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This article was published 2/12/2019 (422 days ago), so information in it may no longer be current.
The City of Winnipeg quietly downsized its neighbourhood ice rink roster last year, leaving residents with little option but to extend their garden hoses and get insurance if they want to maintain local pads.
For 13 years, Harold and Shannon Schellenberg have lived in the Mathers area on Lanark Street, across from a bay that has always — at least, up until last year — turned into a nine-by-21-metre ice rink.
"There’s lots of families in the neighborhood that would use the rink after school and on the weekends. It’s such a great area for families to come together, for the community to come together, and enjoy winter," said Harold, adding his two grade school-age sons learned to skate on it.
Last winter, the Schellenbergs watched out their windows, waiting for city crews to come. Staff on the other line of 311 told them to be patient, Harold recalls. They later found out the city had axed their go-to recreation rink.
He said the community was disappointed, especially considering the municipal election had just wrapped up and no one had campaigned on downsizing the city’s rink portfolio.
The City of Winnipeg’s website indicates it maintains 38 "pleasure rinks." There are 15 in the east end, 13 in the north region and 10 in all of the city’s south. That count doesn’t include arena or pond rinks.
City spokesman Ken Allen said in a statement Winnipeg operates numerous pleasure rinks in parks, school sites and at community centres.
There were 42 rinks in 2017-18 and 40 last year, he said, adding that specific locations for this year’s season have not been finalized. Allen said locations are adjusted based on usage in consultation with area councillors.
"This is just a small snapshot of what’s going on in the city," Harold said. "Police, fire, libraries — it’s all being affected."
“I understand there’s budget cuts and everything costs money but having these programs for families in the neighbourhood is important.” – Shannon Schellenberg
City council’s new four-year budget planning process has put potential cuts into the spotlight as department managers have publicly proposed slashing services, a process that has typically taken place behind closed doors.
Shuttering Terry Sawchuk, Sargent Park, Betrand, Charles A. Barbour and Maginot arenas are among the proposed cuts being reviewed at 510 Main St. ahead of the March 31, 2020 budget deadline.
"I understand there’s budget cuts and everything costs money but having these programs for families in the neighbourhood is important," Shannon said.
The Schellenbergs said Coun. John Orlikow’s office (River Heights–Fort Garry) informed them the ward was approved for less than half of its total pleasure rinks but if they were so inclined, they could keep the rink frozen through the Adopt A Rink program.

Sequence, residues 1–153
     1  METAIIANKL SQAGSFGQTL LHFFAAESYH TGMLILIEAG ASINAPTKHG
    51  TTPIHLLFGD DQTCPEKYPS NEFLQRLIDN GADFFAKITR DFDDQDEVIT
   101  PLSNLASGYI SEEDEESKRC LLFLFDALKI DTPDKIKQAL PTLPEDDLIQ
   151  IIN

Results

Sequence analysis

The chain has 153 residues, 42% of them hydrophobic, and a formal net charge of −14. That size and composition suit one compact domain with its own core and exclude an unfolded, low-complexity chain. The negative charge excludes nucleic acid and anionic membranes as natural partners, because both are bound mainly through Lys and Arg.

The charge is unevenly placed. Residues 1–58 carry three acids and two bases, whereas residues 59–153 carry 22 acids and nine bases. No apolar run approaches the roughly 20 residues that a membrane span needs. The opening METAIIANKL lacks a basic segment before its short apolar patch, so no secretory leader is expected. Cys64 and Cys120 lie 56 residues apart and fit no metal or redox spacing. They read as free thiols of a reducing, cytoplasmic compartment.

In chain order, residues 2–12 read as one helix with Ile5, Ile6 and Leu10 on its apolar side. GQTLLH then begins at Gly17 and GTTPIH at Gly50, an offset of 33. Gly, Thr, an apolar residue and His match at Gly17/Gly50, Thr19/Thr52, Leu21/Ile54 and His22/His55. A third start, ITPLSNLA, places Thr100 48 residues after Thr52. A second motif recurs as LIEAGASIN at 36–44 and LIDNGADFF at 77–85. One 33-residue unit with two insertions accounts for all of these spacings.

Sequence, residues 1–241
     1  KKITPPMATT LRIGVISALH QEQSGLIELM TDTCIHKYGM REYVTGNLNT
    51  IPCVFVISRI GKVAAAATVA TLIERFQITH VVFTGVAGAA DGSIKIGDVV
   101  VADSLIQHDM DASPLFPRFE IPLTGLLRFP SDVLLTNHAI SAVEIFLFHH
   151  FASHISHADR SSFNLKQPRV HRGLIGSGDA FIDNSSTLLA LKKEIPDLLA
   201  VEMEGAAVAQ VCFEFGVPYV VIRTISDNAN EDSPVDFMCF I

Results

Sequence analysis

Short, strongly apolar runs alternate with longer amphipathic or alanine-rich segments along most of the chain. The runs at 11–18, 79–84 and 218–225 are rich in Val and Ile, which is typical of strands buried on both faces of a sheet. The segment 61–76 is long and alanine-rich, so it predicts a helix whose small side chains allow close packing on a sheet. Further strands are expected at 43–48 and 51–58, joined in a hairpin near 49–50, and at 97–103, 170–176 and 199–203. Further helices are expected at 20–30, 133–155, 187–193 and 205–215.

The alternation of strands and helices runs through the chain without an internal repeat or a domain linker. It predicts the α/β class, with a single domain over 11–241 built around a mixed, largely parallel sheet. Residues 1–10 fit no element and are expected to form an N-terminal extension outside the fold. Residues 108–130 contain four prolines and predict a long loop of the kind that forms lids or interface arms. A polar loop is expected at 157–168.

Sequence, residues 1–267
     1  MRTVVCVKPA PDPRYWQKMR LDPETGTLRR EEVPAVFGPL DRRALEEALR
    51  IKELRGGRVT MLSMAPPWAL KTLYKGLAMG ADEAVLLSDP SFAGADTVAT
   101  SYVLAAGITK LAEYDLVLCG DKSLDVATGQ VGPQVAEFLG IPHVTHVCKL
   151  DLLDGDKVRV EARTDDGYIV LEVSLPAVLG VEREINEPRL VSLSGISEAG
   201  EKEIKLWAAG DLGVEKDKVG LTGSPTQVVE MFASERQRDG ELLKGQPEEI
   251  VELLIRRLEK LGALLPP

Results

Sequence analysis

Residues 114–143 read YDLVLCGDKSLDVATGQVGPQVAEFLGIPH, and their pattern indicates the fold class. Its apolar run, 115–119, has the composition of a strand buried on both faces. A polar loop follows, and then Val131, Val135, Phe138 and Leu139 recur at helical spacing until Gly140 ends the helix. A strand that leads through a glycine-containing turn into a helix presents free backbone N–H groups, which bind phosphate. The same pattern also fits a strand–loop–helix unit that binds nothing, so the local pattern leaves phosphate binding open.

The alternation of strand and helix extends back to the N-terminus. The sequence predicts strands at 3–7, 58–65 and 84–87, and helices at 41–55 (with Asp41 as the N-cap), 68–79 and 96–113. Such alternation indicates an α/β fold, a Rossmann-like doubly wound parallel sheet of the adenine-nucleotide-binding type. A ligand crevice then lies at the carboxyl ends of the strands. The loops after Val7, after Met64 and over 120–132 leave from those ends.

The city program allows volunteers to flood and up-keep neighbourhood rinks, as long as they get authorization and obtain appropriate insurance. Throughout the season, a volunteer group and city representatives are expected to inspect each rink for safe conditions weekly.
Harold said he recruited a neighbour to help him with his new "9 p.m. to 11 p.m. job." They are in the process of applying for a city grant in order to cover the $300 cost to insure the rink.
It’s already been time consuming and it’s barely been cold enough to get started, but he wants to put in the hours for kids in the area, he said.
"I’ve got three garden houses connected to run from my backyard to the park," he said. "I think it’ll be well worth it once we get it going."
Orlikow said the ward lost three rinks, including ice at Montrose Elementary School and École Sir William Osler School — but he expects all will be up and running this year thanks to community members.
He said the city will bring out a water truck and cover insurance costs, but neighbours have to shovel snow off the rinks.
As for the lack of communication about the city-run operations ending, he pointed to the community services department, which he said needs to get better at notifying people about changes to services. That's reflective of "budget pressures," he said, before adding that it's important the city tackles its deficit.
A few blocks east of the Schellenbergs', the community surrounding Montrose Elementary School is also banding together to bring back the long-time rink the city used to build until last year.
An area resident of 20 years, Brenda Still called the rink "a community institution" used by families in South River Heights and the child care centre that runs out of the school.
Still said it’s uncertain whether the rink will be ready again for skaters this year due to confusion surrounding the Adopt A Rink program. The city has yet to provide them an example of a successful volunteer-driven rink through the program, she said.
The city did not respond to a question about when the program started.
Meanwhile, Still said she was frustrated to see city crews watering a community garden on the school grounds during the summertime if they won’t service the rink in the wintertime.
Maggie Macintosh reports on education for the Winnipeg Free Press. Funding for the Free Press education reporter comes from the Government of Canada through the Local Journalism Initiative.